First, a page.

Editors' note: Jeremy Bishop is Executive Director of Pride At Work, the constituency group for lesbian, gay, bisexual, and transgender workers. Pride At Work does not endorse candidates on any level.
In my job as Executive Director of Pride At Work, the organization for lesbian, gay, bisexual, and transgender workers, I see every day the disastrous effects that our communities' lack of access to the institution of marriage has on our families and our community.
Marriage isn't simply a religious and ceremonial proceeding, it is the institution that protects and provides stability for working families of all shapes and sizes.
Our communities' distinct lack of access to this institution adds stress to our already stressed-out families. Stressed out because of a job market in crisis due to the war economy, stressed out from the discrimination they face in their families and communities, and stressed out knowing that the simple act of putting their partners' photo on their desk at work could lead to their firing.
One of the biggest challenges facing lesbian, gay, bisexual, and transgender working people in gaining unfettered access to marriage and the benefits that come with it is the repeal of the Defense of Marriage Act (DOMA).
Passed when I was still in high school, DOMA was a reaction to Republican baiting attacks against the LGBT community and their attempts to enact a constitutional amendment banning same-sex marriage. Supported by President Clinton, the bill passed overwhelmingly, and our community has been profoundly damaged ever since.
Today, many companies hide behind federal laws, particularly ERISA, the Employee Retirement Income Security Act, which governs most pension and health plans, as a way to deny their LGBT employees the same benefits they give their heterosexual counterparts.
This is all completely legal, for one reason: DOMA.
DOMA prohibits the federal government from recognizing same-sex marriages for any purpose, even if recognized by an individual state. In addition, DOMA explicitly states that individual states do not have to recognize same-sex marriages from other states or municipalities.
Until DOMA is repealed, LGBT working people will continue to face enormous roadblocks in bringing their relationships on par with their heterosexual counterparts.
As LGBT people face the decision on who to vote for in this Democratic presidential primary, there is only one candidate that supports the full repeal of DOMA, and that is Senator Barack Obama.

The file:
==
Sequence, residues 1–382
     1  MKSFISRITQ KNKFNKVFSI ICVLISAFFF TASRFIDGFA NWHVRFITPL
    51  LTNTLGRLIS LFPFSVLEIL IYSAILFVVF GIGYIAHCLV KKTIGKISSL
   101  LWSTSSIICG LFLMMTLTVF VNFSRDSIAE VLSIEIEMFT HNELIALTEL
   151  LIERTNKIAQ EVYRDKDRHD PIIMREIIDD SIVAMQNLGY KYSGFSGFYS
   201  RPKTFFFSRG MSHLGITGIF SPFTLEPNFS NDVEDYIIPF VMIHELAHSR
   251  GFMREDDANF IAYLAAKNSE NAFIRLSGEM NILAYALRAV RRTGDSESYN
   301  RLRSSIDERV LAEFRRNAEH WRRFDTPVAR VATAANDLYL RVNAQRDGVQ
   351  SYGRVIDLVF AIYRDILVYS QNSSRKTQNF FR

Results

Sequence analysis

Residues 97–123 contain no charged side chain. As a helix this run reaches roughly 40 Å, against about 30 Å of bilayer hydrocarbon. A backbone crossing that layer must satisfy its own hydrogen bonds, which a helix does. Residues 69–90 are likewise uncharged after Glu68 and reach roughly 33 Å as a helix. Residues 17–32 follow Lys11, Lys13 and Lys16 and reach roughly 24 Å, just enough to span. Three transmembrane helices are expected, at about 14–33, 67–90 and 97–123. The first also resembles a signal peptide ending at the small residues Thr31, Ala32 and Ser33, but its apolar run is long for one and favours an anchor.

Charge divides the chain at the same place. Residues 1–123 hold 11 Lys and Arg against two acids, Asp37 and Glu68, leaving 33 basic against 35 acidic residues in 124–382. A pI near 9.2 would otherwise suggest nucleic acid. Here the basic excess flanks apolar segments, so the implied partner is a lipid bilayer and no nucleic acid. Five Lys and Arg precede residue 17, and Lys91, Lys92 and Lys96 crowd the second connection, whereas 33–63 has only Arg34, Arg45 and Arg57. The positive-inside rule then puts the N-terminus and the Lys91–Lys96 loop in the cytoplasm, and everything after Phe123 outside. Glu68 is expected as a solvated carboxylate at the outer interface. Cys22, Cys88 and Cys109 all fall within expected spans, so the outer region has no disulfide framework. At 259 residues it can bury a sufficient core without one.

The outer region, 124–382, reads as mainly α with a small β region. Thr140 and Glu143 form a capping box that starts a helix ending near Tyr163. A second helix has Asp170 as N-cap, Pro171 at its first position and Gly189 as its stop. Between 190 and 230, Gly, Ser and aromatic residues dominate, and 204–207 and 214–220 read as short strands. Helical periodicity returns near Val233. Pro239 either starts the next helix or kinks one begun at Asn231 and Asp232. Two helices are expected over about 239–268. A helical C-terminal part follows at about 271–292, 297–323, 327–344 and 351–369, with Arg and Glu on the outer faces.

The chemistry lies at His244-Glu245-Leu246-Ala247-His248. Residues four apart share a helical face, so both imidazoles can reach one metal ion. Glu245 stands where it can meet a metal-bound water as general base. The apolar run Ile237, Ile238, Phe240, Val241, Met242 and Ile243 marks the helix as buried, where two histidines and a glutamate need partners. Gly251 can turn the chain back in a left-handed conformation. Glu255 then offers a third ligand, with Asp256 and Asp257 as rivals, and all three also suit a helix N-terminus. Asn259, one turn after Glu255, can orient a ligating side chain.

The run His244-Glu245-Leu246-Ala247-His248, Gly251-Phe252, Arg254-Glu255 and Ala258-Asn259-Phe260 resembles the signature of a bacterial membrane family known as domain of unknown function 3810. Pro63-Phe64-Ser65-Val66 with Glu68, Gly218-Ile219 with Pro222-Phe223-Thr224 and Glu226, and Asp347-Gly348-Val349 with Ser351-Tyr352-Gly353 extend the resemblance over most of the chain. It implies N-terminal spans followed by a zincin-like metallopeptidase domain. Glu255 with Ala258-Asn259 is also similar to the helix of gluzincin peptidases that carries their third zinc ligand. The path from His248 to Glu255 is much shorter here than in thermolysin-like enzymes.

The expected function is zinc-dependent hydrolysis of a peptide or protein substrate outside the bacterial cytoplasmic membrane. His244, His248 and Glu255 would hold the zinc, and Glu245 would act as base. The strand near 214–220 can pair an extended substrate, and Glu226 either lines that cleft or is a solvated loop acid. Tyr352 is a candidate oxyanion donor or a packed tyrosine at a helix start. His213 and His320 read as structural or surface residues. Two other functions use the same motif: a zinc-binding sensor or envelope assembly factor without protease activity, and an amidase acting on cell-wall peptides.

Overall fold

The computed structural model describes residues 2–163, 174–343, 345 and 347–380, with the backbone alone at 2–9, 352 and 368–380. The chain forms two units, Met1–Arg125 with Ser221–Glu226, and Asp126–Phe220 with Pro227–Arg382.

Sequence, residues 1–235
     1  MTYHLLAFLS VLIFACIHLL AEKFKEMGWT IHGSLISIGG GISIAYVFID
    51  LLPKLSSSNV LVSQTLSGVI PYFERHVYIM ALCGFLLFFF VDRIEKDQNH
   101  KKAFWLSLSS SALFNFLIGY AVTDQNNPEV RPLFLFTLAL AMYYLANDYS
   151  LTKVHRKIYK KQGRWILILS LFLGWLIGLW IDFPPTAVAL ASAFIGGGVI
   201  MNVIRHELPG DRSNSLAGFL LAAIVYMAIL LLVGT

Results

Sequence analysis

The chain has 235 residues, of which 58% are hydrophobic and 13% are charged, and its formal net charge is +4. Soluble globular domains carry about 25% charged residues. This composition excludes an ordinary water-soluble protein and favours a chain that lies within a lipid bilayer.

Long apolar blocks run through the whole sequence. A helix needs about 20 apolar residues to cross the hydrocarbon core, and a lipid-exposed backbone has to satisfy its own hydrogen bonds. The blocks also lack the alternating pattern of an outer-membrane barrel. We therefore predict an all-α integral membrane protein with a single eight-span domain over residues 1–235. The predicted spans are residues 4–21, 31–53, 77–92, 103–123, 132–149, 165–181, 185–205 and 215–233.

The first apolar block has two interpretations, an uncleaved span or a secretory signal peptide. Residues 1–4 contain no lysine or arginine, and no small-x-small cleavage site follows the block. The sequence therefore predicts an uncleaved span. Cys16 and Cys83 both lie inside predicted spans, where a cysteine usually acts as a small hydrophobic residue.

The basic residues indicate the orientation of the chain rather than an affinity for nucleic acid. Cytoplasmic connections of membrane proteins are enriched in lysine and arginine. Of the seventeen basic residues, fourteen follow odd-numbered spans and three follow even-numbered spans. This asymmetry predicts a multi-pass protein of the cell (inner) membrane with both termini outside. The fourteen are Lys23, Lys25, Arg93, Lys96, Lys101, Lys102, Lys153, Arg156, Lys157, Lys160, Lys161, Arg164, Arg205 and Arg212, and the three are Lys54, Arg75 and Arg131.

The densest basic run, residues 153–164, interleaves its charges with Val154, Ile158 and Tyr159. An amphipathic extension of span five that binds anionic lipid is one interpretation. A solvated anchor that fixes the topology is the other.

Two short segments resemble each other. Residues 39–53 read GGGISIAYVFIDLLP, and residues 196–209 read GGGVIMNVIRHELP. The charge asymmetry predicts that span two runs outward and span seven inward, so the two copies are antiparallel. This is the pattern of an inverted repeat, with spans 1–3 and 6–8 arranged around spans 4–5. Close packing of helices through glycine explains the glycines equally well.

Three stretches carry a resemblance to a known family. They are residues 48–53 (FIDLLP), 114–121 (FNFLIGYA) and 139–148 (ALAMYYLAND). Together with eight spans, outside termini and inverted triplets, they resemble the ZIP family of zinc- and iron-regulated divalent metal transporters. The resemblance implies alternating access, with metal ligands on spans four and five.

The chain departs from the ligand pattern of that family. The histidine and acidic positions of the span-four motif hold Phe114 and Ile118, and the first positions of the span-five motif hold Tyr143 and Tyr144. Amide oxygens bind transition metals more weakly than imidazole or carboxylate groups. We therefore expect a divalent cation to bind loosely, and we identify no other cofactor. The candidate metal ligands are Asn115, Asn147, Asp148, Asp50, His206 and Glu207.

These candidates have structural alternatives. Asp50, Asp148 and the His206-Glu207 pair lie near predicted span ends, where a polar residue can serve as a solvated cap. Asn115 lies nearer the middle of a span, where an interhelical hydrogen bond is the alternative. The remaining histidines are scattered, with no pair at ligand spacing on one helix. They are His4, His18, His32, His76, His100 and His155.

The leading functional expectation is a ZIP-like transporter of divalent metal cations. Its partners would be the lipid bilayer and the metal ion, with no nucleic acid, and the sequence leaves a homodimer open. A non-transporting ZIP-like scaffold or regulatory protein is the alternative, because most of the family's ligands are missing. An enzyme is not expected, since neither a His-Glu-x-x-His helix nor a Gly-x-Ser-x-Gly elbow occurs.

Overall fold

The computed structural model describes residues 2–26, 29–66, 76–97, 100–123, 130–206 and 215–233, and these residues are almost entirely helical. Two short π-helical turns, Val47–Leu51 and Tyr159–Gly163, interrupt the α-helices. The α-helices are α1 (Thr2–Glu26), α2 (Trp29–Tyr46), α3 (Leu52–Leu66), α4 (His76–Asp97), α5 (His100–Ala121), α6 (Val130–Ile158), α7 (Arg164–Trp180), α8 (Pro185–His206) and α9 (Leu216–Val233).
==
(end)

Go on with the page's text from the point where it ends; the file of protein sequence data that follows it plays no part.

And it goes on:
Senator Hillary Clinton supports a partial repeal but would leave the language that other states do not have to recognize marriages performed in other states.
The practical application of this partial repeal would mean that for people who got married in Massachusetts, but now reside in Pennsylvania, their marriages would not be worth the paper they were written on.
The only way for our community to see full parity under the law is to repeal this unjust and un-American law.
The Clintons, both Bill and Hillary, moved the conversation about LGBT equality forward. They pushed for the repeal of the military's ban on LGBT soldiers, and they fought for federal job protections on the basis of sexual orientation.
They got us this far. But its time for someone who has first-hand experience about the impact of unjust marriage laws to take us to the promised land. That someone is Senator Barack Obama.
The product of an interracial marriage, Senator Obama sees the unseemly parallels between the fight to stop miscegenation and the reactionary battle to stop LGBT people from getting married.
Outspoken about his desire to repeal DOMA since 2004, Senator Obama called DOMA "an abhorrent law perpetuating division and affirming a wedge issue," according to a 2004 statement in Chicago's LGBT newspaper, The Windy City Times.
When Pennsylvania LGBT residents go to the polls on April 22nd, LGBT working families would do well to look at where the candidates stand on DOMA closely and decide who has the background, principle, and dedication to fight for what is right, not what is politically expedient.